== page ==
Go to the ball!

The title of this post is something I heard approximately 8 million times at varying levels of volume during my 4-year tenure as manager of the high school boys' soccer team. We had a scrawny little science teacher who was one of those lightning fast players "back in the day" so he took on a bunch of truly lazy teenage boys and tried to whip them into shape. We had a few stellar players who grew up on soccer fields as kids, but two standouts do not make a winning team in the competitive world of high school soccer in the late 1980's. So I traveled to games and I stayed late after school at practices and I dutifully marked stats during the games and I slugged giant bags of balls around and I filled up coolers with ice water, all to watch us lose miserably. It had its moments of fun, and I made some friends, and I think sitting on the bus headed to an away game kept the teenage boys from being teenage boys. Maybe that's why the coach had me as manager all those years.

I promise this story has a point.

One evening in May, Brian was surfing online and found the local community's soccer league signup page. He promptly entered his information and signed up Helen for fall soccer.

Later, he told a friend at work that he had signed her up, and mentioned some fear about her ability to learn how to play the game. His friend reassured him, however, that there is only one play in soccer for children this age.

Here's the field and the ball:

Here are the children in a circle around the ball:

This play moves around the field at random. Kind of like Pong.

I realized that all those years I've watched children playing soccer, that man was dead-on accurate. Once you realize that, weekly "practice" becomes a little unnecessary. Which was a good thing, too, because 100+ heat index every afternoon last week cancelled the first practice.

Helen is on an under-6 team of 8 girls, playing 4-on-4 soccer on a half-field. Brian took her to her first game this afternoon and got some great pictures of the team playing. She had a lot of fun, but after she got home she confessed to me that she did not score any goals. Brian said they didn't really keep score or track who "won" the game, but it ended as a victory for her team at 4-3. Because Brian definitely counts those things.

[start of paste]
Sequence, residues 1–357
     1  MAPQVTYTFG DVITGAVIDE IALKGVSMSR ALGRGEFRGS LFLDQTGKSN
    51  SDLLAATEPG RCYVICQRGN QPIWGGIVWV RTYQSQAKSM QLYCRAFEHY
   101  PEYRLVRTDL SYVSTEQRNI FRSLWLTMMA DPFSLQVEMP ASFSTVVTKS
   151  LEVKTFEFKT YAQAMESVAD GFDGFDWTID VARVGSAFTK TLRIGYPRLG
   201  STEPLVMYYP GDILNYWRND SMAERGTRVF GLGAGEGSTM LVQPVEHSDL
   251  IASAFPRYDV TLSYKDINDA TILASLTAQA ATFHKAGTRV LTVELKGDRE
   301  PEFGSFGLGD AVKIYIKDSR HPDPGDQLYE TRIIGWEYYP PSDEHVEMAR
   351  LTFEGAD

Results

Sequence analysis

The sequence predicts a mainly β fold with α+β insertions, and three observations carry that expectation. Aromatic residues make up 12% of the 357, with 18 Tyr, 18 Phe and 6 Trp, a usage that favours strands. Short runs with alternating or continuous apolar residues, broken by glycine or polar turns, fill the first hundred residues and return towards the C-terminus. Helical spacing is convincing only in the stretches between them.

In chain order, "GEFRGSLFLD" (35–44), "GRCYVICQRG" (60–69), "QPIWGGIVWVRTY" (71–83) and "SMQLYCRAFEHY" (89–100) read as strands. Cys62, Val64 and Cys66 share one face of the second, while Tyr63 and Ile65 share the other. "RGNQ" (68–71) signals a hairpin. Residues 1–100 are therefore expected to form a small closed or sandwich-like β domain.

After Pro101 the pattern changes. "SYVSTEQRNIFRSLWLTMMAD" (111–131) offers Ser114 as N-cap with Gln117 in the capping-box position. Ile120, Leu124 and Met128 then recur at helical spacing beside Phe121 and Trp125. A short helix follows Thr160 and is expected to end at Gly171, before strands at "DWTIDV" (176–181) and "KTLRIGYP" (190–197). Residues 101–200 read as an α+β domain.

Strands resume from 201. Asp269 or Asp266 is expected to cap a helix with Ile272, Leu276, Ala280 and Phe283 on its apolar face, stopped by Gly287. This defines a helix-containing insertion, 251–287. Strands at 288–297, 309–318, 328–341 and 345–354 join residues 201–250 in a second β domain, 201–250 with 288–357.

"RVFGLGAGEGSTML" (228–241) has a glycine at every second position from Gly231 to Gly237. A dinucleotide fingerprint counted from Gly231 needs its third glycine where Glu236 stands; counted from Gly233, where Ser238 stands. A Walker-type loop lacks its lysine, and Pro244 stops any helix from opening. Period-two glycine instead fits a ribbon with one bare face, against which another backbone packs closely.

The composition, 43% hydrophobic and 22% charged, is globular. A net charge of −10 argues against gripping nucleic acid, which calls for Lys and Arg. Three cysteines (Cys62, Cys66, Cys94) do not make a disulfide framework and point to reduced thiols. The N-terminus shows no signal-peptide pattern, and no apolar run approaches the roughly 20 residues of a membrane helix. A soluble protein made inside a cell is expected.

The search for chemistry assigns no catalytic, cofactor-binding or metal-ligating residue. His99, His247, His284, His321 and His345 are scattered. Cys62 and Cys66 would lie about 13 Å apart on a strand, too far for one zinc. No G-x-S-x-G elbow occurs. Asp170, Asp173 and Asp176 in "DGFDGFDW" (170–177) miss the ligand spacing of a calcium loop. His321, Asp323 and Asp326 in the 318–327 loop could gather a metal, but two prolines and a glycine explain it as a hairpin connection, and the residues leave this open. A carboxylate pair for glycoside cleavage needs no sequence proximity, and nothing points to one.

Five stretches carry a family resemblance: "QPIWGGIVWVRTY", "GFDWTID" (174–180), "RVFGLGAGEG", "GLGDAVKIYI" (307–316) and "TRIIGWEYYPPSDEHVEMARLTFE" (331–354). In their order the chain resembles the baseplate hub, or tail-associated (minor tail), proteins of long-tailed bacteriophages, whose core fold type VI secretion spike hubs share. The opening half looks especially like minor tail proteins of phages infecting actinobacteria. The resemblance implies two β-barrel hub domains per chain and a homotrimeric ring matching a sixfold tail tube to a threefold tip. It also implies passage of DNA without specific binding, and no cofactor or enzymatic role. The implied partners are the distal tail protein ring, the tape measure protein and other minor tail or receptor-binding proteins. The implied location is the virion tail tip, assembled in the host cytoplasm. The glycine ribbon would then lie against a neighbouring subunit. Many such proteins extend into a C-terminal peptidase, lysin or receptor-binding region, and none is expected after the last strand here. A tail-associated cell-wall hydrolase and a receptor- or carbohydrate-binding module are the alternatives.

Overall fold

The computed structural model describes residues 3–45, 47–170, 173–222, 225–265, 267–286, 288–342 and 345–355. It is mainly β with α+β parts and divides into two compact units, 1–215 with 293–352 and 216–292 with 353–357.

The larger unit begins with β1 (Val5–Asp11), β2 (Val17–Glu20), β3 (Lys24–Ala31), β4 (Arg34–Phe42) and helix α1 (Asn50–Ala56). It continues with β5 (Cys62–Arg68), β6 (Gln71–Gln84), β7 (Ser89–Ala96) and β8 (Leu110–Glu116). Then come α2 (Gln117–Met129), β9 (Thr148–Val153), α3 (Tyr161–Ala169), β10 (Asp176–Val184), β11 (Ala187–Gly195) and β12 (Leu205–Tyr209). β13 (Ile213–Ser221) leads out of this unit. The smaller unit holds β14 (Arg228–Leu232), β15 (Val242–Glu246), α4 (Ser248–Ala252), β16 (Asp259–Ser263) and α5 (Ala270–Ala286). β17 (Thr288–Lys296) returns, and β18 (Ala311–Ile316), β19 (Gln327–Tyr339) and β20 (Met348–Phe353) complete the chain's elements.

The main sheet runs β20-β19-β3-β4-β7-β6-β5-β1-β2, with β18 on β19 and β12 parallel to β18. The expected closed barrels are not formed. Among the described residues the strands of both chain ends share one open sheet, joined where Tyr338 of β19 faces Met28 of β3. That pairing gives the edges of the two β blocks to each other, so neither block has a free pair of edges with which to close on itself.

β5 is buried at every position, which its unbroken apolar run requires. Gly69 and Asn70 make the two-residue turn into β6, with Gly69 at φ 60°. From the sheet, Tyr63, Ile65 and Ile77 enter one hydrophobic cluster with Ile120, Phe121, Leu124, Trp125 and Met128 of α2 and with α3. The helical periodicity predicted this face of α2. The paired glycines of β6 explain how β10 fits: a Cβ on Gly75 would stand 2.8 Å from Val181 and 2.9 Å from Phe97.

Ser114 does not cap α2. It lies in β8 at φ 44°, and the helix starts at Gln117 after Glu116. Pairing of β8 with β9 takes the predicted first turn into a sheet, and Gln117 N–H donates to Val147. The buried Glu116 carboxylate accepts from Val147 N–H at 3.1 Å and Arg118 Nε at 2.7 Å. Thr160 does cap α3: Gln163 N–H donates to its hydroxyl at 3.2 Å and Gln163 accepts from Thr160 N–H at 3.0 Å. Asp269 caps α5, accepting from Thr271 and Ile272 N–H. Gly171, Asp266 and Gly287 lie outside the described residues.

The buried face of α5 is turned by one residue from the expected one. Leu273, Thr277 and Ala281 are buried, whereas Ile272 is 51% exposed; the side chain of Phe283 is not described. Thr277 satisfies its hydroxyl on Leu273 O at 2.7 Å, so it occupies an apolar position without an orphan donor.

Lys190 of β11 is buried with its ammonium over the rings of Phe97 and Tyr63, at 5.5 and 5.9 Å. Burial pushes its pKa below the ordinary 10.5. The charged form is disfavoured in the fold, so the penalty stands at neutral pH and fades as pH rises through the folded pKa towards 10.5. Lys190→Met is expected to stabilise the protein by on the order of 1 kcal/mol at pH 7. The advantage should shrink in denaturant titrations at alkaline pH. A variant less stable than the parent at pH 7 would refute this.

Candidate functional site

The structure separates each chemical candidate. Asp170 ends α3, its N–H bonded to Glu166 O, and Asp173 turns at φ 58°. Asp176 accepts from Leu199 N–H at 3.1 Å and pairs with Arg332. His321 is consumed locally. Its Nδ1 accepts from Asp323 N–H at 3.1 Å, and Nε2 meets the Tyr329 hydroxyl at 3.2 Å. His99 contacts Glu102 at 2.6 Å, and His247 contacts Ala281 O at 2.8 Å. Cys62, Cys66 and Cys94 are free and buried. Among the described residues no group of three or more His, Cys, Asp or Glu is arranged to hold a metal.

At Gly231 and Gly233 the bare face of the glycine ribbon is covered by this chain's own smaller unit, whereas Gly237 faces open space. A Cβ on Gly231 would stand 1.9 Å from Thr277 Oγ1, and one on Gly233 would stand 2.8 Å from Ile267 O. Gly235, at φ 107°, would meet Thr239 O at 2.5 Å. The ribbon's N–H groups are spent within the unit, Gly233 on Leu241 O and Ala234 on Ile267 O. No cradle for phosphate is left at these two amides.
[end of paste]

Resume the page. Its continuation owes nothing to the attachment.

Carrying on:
So here's the point of the whole story: if memory serves, that total score represents more goals than the boys' high school team scored my entire freshman year. I'll bet those little girls had a better defense, too.

ZING! Here's where all my Facebook friends from high school stop reading my blog.

Brian told me there is one ringer on Helen's team, who runs like a gazelle being chased by hungry lions. Only in this case, the gazelle also dribbles a soccer ball, and once in a while, the lions play for your own team. You see, it was kind of unclear for some of the girls that they didn't have to fight each other for the ball. Which was amusing for the referees and parents alike.

Here's Helen before the game with her team, getting final instructions - she's the one in pigtails smiling at the camera instead of listening to her coach:

Here's Helen, in her lucky #7 jersey, running out onto the field to sub in for her first play:

Here's Helen running The One Play:

Here's Helen celebrating successfully running The One Play for several seconds in a row:

Wish us luck on a fun season. Once college football starts up, we may discover that Brian has signed me up for soccer, too.


One Small Step, One Giant Leap - I Get It Now

This morning there was a point at which I realized I'm not just a person who gave birth to three kids, but a MOM. The first one was born over five years ago, so I've racked up some experience in this job. And when I gave birth to Helen I knew today would happen at some hazy point in the Not Yet Future. As the sun rose this morning, the haze cleared on probably one of the most important days in her life and in my career as a MOM.

Brian and I dropped her off at her first day of kindergarten this morning. Five long years of experience with daily dropoffs at daycare stepped in, so there weren't any tears from us or her. I helped her put up her backpack, and got a hug and after making sure she was sitting in the right spot, she just sort of waved at us, like "Okay, I'm good, you can go now." Brian and I looked at each other, and we said goodbye and walked out. This afternoon I'll go back to pick her up. I'm sure she have plenty of stories about her new teacher and her new friends and her new school. Right now I'm just sort of absorbing it all.

I'm a mom of a kindergartener, a well-adjusted little kid who was truly eager to get started on her future. I didn't even cry about leaving her at a brand-new school.

Way to go, Helen. You're making this MOM gig look easy.